Dragonflies and damselflies

Broad bodied chaser male

Broad-bodied chasers

Broad-bodied chasers are common and widespread in the New Forest and can be seen wherever there is still water. They are common and widespread in the southern part of England and south Wales. Almost any still water of any size will hold a few.

Broad-bodied chasers will breed in any still water from the edges of large lakes to small garden ponds, but they do tend to favour the smaller bodies of water. They are often seen patrolling a territory of large puddles! Almost any small pool, pond or large puddle in the New Forest will have a male patrolling it from June to mid-August.

This is one species that easily and quickly colonises new ponds, so if you dig a pond in your garden these beautiful insects are bound to arrive in the first year or two. If you keep the pond free of fish then the dragonflies will breed successfully.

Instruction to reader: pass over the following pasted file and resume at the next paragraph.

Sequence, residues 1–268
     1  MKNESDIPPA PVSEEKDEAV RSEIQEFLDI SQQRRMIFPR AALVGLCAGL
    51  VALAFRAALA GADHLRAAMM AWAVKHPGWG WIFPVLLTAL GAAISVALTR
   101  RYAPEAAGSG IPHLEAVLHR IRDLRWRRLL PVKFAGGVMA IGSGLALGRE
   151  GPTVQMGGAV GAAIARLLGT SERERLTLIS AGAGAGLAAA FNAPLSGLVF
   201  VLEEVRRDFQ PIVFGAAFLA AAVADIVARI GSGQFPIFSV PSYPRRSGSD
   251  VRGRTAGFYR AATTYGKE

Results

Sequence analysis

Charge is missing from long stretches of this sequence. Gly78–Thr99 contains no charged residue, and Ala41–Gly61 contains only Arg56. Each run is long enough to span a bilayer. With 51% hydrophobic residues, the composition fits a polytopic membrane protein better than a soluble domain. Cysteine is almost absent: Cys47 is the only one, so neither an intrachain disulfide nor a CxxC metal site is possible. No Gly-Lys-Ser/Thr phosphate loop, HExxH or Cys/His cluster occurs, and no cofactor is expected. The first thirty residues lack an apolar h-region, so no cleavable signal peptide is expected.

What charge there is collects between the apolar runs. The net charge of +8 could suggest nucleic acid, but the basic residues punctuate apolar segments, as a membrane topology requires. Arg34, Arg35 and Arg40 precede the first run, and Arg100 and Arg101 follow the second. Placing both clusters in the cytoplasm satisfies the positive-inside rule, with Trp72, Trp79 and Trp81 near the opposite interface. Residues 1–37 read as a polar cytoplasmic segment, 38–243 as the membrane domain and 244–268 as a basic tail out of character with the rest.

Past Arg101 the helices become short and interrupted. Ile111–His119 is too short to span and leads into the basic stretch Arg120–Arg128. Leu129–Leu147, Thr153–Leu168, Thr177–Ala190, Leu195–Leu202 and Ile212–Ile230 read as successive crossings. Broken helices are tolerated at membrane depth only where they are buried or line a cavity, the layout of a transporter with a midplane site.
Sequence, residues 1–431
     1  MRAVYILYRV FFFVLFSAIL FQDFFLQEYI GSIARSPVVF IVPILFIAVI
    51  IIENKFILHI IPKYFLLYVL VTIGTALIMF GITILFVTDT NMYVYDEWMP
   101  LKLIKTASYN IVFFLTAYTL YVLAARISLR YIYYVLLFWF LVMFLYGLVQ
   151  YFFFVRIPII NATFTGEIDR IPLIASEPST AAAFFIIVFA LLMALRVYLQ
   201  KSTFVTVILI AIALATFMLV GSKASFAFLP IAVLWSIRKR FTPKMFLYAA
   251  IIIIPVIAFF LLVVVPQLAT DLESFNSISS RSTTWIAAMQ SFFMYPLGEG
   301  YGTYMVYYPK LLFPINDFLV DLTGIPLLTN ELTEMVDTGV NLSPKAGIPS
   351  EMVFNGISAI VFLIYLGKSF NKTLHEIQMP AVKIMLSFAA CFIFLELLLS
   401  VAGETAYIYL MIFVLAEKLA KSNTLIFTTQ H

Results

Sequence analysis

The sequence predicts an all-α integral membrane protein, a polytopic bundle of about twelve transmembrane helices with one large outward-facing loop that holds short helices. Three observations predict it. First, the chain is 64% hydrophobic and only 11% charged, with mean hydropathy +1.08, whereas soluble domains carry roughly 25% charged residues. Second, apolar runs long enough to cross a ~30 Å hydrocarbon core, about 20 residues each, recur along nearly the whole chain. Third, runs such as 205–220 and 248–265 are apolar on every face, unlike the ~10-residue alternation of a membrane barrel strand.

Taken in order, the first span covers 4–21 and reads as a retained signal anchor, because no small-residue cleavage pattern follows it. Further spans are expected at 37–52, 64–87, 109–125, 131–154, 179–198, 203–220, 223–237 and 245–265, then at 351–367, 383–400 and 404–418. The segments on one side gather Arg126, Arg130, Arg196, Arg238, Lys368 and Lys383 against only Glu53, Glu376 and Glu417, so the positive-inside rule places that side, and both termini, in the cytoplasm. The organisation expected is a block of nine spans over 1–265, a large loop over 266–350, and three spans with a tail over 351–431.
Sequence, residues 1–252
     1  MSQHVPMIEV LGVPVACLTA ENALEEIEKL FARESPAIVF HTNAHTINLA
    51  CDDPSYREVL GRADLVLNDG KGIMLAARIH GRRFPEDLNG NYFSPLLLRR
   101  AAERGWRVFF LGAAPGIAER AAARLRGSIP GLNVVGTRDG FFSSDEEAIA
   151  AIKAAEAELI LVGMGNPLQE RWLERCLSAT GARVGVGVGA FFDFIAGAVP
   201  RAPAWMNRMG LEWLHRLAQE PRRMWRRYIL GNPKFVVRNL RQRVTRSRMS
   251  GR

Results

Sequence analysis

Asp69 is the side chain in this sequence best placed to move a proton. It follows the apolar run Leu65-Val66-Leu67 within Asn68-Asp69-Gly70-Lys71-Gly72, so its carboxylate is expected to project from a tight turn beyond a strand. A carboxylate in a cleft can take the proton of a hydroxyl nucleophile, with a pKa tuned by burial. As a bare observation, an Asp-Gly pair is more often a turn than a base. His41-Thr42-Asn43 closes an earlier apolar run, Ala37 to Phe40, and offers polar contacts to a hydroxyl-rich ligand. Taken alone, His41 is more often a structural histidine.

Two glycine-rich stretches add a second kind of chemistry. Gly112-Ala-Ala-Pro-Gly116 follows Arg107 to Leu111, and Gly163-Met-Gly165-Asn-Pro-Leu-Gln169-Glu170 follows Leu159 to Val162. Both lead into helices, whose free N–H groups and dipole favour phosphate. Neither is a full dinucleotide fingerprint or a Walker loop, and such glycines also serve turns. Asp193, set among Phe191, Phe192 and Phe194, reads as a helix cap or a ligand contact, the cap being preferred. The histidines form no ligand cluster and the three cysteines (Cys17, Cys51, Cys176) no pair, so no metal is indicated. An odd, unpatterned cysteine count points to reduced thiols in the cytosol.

ID tip - The chaser dragonflies and the skimmer dragonflies have bodies that are powder blue. The chasers have a black patch on the base of the wings, which the skimmers lack. However the easiest way to tell a broad-bodied chaser is the fact that it is a fat blue dragonfly with yellow spots down the sides of the body.

Photo credit: David Mott

  1. Dragonflies and damselflies
  2. Azure damselflies
  3. Beautiful demoiselle
  4. Blue-tailed damselfly
  5. Broad-bodied chasers (you are here)
  6. Common darter
  7. Emperor dragonfly
  8. Golden-ringed dragonfly
  9. Keeled skimmer
  10. Large red damselfly
  11. Small red damselfly
  12. Southern damselfly
  13. Southern hawker


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